The main virtue of the book is that provides readers with a four-step process that will allow us to stop, reflect and react differently, still recognising those things that irritate and annoy us, but without over-blowing any situation. This process can be applied to any person or situation that pushes our buttons, in our personal or work relationships or in the myriad situations in which we have to deal with other people. The four steps not to have your buttons pushed (by you!) are: 1/ Ask yourself how you are dysfunctionaly feeling and acting in a given situation right now. 2/ Ask yourself what you are irrationally thinking about a) yourself b) the others in this situation c) the situation itself, to make yourself upset. 3/ Ask yourself how you can challenge and dispute your irrational thinking. And finally, 4/ ask yourself what realistic preferences you can substitute for your irrational thinking by starting by saying things like, I want, I'd Like, I'd prefer, It would be great if, I regret, I'm disappointed, I'm committed to, It's frustrating, etc. The secret is to use these steps over and over again until they become ingrained in our way of dealing with button pushers. Nobody is perfect at this kind of self-control, so the goal is to reduce our overreactions still being true to our feelings, and react less often and less intensely.

The main thing that one can criticise this book for is for the unnecessary wordiness and an endless number of examples showing how to go through the four-step process. I confess, that it gets things sealed on your brain, because repetition really works, but so many examples are also boring and unnecessary. If you want to get a good summary of the book read the last chapter and will have everything perfectly summarised in a few words, and I think a booklet with the main points of the book might have been as successful in conveying the message as the whole book does. 
This is an updated version of the book of the edition of 1995.

p. 57 appreicate

Cómo Integrar tu Sombra by Antonio Delgado González (2015)

How to Integrate your Shadow is a totally misleading title for a book that deals with different facets of the Jungian Shadow. This is one of the few books written on the matter in Spanish available on Amazon, and perhaps that got me overexcited. This work  incorporates part of a previous work by the author with some corrections and enlargements.

The book reads well, is well written in a classy albeit erudite Spanish with plenty of psychological and Jungian jargon, and will certainly please people who have an interest on the Shadow and, even more, those with a previous idea of basic Jungian concepts like Shadow, Collective Unconscious, Mask, and Individuation, and want to hear a new voice. I enjoyed the author's style and reflections on the Shadow, though, and I truly enjoyed chapter six devoted to individuation following the Dark Night of the Soul by St John of Cross, and the author's digging into some of his patients' dreams.

The author says in page 12 that he expects readers to find this manual simple, practical, and an incentive to help them to integrate the dark side of their personality. However, this is not a manual, this is not a practical book, and there is no way simple mortals with a basic knowledge of the Shadow could integrate their Shadow without the help of a therapist or, at least, with a how-to book guided book, like for example David Richo's Shadow Dance: Liberating the Power & Creativity of Your Dark Side. Besides, despite being well written and really enjoyable, the book is not didactic, pedagogic or even written in an accessible language for people who aren't familiar with Jungian or Analytical Psychology. If you come/came to the text thinking that you will/would be given tools to unveil and integrate your own Shadow on your own, a sort of d.i.y. sort of book, you will be disappointed. Besides, the author himself says in pages 76-77 that not everybody is able to gather the energy necessary to face their shadow exclusively in dreams, that they also need of Active Imagination (something that is not clearly defined or explained in the book) and, most importantly, by facing consciously our repressed wishes. How can a normal person do that without the help of a therapist or without a how-to book, is left unanswered.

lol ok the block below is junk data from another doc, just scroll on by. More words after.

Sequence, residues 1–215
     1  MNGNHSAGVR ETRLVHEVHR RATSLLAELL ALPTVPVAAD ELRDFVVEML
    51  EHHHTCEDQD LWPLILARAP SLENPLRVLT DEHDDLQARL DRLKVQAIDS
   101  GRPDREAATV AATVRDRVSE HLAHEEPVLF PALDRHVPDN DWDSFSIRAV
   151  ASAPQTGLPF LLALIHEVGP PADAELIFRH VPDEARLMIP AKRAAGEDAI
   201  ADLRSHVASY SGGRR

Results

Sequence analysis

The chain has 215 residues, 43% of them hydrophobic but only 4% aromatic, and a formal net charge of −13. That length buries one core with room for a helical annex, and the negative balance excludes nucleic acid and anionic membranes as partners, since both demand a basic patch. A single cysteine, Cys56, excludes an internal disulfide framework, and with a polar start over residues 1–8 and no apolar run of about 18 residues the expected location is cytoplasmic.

The author also says at the beginning of the book that his approach to the different stages of how the shadow manifests and integrates differ from the more didactic approach of Dr Marie-Louise Von Franz and Wolfgan Giegerich, but his is closer to Jung's theories. Von Franz must have been quite close to Jung's intentions being a closer collaborator, friend and pupil? Just asking.

The author also states that despite the large bibliography in English about the shadow it seems that the has had little effect on the conscience of the majority of people. A statement that surprises as it comes from a psychologist, as not everybody reads English, not everybody has a comfortable life to devote their time to self-growth and exploration of the psyche, and those who have, aren't always interested in digging down into themselves and exploring their psyche.

The rendering for kindle, at least in my device, shows some signs of automatic conversion to digital format, as some hyphenations related to line breaks are left in unnecessary places, and some spacing necessary in the text is omitted and two words appear joined or the punctuation without previous space.

> p. 31 resumiento should be resumiendo.